10. Use Writing as a Tool for Inspiring Participation and Engagement
No matter how well you set the ground rules, some people will be intimidated by others, or feel that they should just go along to get along. Brainwriting is a terrific tool for engaging participants in anonymous idea generation. It’s also a good way to support the process of building on ideas. Keep paper and pencils handy, as you’ll probably need them. Learn how to get started with brainwriting:
11. Be Ready With Creativity-Sparking Activities
It’s one thing to say “don’t judge an idea;” it’s another to actually avoid thinking “that idea will never work,” or sharing realities such as “IT says that can’t be done.” To keep your group focused on positivity and creative thinking, have these possibilities up your sleeve:
Ask your group “how would you achieve the opposite outcomes from those we’re shooting for?” For example, you might ask, “what are some ways to ensure that every customer complains about our customer service and refuses to buy our product again?”
Most participants will enjoy coming up with negative ideas that can be turned on their heads to provide positive suggestions. For example, “route all calls to a never-ending menu of options” could become “route all calls to a real person.”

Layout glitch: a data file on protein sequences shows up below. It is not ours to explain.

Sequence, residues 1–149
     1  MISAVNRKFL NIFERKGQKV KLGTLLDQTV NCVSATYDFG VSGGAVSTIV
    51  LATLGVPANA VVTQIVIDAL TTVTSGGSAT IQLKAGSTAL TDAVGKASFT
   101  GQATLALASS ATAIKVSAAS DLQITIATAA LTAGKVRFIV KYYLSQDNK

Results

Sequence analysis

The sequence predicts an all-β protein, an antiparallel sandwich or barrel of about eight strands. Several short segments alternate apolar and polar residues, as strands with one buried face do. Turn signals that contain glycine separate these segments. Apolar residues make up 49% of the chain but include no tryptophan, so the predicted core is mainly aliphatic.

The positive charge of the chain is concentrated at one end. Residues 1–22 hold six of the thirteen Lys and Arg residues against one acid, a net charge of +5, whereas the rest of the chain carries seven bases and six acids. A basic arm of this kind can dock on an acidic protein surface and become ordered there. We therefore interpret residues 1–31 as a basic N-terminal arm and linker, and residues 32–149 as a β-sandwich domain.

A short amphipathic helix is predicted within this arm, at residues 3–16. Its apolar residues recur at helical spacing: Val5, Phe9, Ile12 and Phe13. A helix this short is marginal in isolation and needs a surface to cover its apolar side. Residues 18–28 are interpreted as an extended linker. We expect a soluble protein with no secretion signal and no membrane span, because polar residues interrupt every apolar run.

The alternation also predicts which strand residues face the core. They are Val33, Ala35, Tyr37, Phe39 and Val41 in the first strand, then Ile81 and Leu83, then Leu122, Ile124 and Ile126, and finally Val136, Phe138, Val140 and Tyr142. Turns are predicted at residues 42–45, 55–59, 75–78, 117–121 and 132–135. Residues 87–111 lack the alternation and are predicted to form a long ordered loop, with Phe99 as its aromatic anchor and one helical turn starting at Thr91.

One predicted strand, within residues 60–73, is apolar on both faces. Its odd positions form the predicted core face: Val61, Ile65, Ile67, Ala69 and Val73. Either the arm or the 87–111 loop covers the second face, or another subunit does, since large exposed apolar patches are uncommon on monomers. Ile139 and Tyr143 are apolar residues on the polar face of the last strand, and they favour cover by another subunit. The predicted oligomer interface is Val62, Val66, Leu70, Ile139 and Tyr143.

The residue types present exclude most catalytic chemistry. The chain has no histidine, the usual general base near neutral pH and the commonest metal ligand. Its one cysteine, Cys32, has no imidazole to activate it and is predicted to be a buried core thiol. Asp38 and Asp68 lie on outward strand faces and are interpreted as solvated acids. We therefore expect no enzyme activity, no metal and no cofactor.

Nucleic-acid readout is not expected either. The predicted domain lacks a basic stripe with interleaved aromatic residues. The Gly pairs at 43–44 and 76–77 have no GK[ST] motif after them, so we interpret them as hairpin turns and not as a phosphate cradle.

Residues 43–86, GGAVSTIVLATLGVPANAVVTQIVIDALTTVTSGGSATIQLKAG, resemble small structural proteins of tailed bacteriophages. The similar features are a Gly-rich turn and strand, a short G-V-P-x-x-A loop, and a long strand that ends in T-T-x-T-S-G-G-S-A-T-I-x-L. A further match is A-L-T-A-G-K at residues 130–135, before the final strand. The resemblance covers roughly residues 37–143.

Use role play to spark new insights and ideas. Have participants play real-world roles (customer and customer service rep, for example), or ask what would Wonder Woman or Superman do to fix that problem?
Review Ideas That Have Real Potential
Use these brainstorming rules as guidelines on how to capture, process, and take actions on your team's ideas.
Make sure you record the new ideas that your team generates, and that you're getting ideas from all participants, especially those in the "trenches" working closest to the issue you're trying to solve.
After pulling in fresh ideas, then review them for taking action on. Select a reasonable number of ideas to develop further—those with the greatest and most relevant potential. Then assign them to task groups, so they get implemented.
12. Make High-Quality Note Taking a Priority
Your facilitator or someone else on your team should be writing down every idea as it’s pitched. This requires some expertise, as some ideas are presented in roundabout language, and can be hard to summarize.
13. Give Participants Time to Review Ideas
Participants should have at least fifteen minutes to review the ideas that have been recorded, so that they can properly respond when you ask them to select the best ideas on the list. Without an opportunity to review what has been said, participants are likely to either support the last idea mentioned or the idea they themselves pitched.
14. Ask for Opinions From Participants Who Work “In the Trenches"